from The Health Post NZ via EWR.
Sharing here a brilliant post from our group member retired USA Doctor Ray Sahelian. I hear it all the time: “I took the shots, my family members and relatives took them, and no one had any problems;” or, “I had the worst headache of my life; some of my co-workers got really ill and didn’t show up for work the next day.” Why is it that some people are unscathed — and think people are making a big deal of vaccine adverse reactions — while others have personal experiences that have made them wary. I have identified 12 reasons that account for these disparities:
Manufacturing of the ‘vaccine‘
We assume that every batch will be exactly the same. There have been quality control issues. Hacked documents show that some batches had suboptimal quantities of mRNA particles which means many people got a weak vaccine which may have led to minimal side effects (see comment #1). I am not sure if any agency is currently testing all the different batches to make sure they are consistent.
Transportation and storage of the ‘vaccine‘
If not properly done the mRNA strands could disintegrate and be weaker by the time of administration.
The amount administered
If the amount to be injected is 0.3 ml, some people may get as little as 0.28 ml and others up to 0.32 ml, which could make a difference. We can’t assume the technicians administering the jabs are going to be perfectly accurate every time.
The needle entry
Sometimes the needle contents are released directly into a blood vessel in the deltoid muscle which could lead to a quick entry into the bloodstream and a stronger response and wider distribution of the lipid nanoparticles into organs all over the body.
If a person is sensitive to PEG or some of the other substances in the vaccines they could have a serious allergic response, even anaphylaxis requiring a visit to the emergency room.
Prior Cv infection
The initial company studies excluded individuals who had been previously infected but in the real world a good number of those getting the shots have, knowingly or unknowingly, been already infected. By getting the shots their immune system overreacts — kind of like adding fuel to the fire.
Certain individuals are more prone to clot formation and would more likely be prone to heart attacks and strokes. There are a wide variety of genetic conditions that influence our physiology and metabolism and how we react to foods, dietary supplements, medications, and vaccines.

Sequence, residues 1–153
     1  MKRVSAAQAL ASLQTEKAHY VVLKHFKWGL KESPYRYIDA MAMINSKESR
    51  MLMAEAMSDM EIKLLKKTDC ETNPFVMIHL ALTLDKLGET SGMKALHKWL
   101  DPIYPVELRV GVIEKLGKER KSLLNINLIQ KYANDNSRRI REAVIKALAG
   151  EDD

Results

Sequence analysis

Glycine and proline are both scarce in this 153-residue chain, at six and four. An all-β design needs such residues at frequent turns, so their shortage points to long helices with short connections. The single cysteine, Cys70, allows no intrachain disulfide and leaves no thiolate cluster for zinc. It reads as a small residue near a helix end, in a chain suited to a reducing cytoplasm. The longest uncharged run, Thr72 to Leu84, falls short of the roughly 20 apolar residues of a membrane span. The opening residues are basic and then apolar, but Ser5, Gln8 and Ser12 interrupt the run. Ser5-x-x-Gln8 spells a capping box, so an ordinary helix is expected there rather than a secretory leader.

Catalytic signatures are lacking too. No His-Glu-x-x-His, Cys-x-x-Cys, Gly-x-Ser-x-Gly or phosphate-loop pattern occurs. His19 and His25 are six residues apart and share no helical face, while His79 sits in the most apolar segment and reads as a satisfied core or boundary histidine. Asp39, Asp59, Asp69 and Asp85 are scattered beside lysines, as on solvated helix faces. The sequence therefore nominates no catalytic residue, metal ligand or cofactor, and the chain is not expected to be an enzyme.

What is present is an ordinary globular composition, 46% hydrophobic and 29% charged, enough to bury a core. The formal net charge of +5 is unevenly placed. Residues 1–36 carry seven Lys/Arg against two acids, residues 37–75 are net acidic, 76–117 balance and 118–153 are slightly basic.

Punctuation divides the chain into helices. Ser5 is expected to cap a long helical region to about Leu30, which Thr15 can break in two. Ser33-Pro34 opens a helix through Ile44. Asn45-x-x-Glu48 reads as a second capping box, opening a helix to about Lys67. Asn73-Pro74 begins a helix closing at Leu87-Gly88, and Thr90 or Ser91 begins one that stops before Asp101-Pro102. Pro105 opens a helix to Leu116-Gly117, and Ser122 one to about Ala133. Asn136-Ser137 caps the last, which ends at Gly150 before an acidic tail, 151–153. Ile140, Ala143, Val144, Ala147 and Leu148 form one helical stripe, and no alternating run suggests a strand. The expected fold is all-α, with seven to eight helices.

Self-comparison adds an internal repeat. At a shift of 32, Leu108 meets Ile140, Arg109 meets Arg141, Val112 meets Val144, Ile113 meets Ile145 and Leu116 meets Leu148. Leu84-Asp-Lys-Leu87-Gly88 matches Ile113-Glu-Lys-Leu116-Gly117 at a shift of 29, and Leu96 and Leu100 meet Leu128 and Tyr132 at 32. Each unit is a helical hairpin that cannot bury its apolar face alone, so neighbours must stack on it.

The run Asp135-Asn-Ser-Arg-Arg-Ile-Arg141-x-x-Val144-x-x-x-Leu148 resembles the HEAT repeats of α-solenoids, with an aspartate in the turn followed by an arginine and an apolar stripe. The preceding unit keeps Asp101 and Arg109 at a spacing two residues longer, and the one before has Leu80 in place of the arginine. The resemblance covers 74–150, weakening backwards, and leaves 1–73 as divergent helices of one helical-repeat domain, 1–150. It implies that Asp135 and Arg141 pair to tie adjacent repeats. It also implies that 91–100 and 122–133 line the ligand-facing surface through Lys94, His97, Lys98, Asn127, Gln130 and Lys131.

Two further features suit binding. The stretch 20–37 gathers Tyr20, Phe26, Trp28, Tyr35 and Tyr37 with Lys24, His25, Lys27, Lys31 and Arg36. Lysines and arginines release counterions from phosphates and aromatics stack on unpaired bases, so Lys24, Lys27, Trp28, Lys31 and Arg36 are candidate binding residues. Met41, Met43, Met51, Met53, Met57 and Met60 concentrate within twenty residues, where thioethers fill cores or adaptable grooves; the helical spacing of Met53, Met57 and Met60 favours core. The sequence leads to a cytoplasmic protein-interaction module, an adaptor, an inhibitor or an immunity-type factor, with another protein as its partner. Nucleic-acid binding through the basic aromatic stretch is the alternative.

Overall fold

A person weighing 100 pounds will proportionally get three times the dose as someone who weighs 300 pounds.
The young will mount a powerful immune response since they are healthy whereas the elderly have a weaker immune response. We can’t expect a 12 year old to have the same response as a 90 year old. If the vaccines reduce mental function by a small amount, a young healthy person may not notice the mild brain fog whereas an older person who is already borderline may have a noticeable decline in their ability to think clearly. This is true also of physical impairment.
Women have more reactions than men
The reasons include hormones (women have more estrogen while men have more testosterone) and perhaps because women weigh, on average, less than men by about 15%.
There are hundreds of drugs that are prescribed and dozens of common dietary supplements and herbs that people take. Most of the time the vaccines should not interfere with them but interactions could happen. Those on immune suppressing drugs such as steroids or chemotherapy would not mount much of an inflammatory response to the shots. Statin drugs used for cholesterol reduction are known to sometimes damage muscle tissue and since the vaccines cause muscle inflammation the combination could make muscles ache worse.
Someone who is prone to heart rhythm disturbances may have aggravated arrhythmias compared to healthy, athletic individuals whose heart beats slower and regularly. A person with plaques in their arteries is more likely to have a blockage from a small clot in their blood vessels. Those prone to migraine headaches are likely to see worsening, as would those with chronic fatigue could get even more tired. The vaccines could trigger a seizure in a person who has a history of epilepsy. I could cite a number of examples.
Other possibilities that I have pondered include:
Does heavy exercise the days after the shots make symptoms worse or better? Would it cause more muscle tissue damage?
Would high intake of fluids soon after getting the shots and for a few days after flush out the spike proteins and reduce symptoms?
What is the role of diet?
How does prior heavy alcohol consumption influence such reactions?
What about smokers, are they more prone to clots?
Are some people more attuned to their bodies and notice minor changes while others are less aware of changes; or they think the vaccines are so safe that they do not attribute some of the reactions (such as fatigue, ringing in the ears, heart palpitations, and tremors) to the shot they got a few days or weeks earlier?
Have I missed other reasons? I welcome your input.